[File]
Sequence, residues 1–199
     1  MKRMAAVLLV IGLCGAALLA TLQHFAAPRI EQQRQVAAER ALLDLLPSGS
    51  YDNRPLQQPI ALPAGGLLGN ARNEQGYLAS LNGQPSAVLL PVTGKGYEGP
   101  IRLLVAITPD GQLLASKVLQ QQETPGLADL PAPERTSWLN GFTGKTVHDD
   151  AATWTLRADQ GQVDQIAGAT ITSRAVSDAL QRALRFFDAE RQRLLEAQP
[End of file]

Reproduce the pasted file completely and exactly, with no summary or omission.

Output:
Sequence, residues 1–199
     1  MKRMAAVLLV IGLCGAALLA TLQHFAAPRI EQQRQVAAER ALLDLLPSGS
    51  YDNRPLQQPI ALPAGGLLGN ARNEQGYLAS LNGQPSAVLL PVTGKGYEGP
   101  IRLLVAITPD GQLLASKVLQ QQETPGLADL PAPERTSWLN GFTGKTVHDD
   151  AATWTLRADQ GQVDQIAGAT ITSRAVSDAL QRALRFFDAE RQRLLEAQP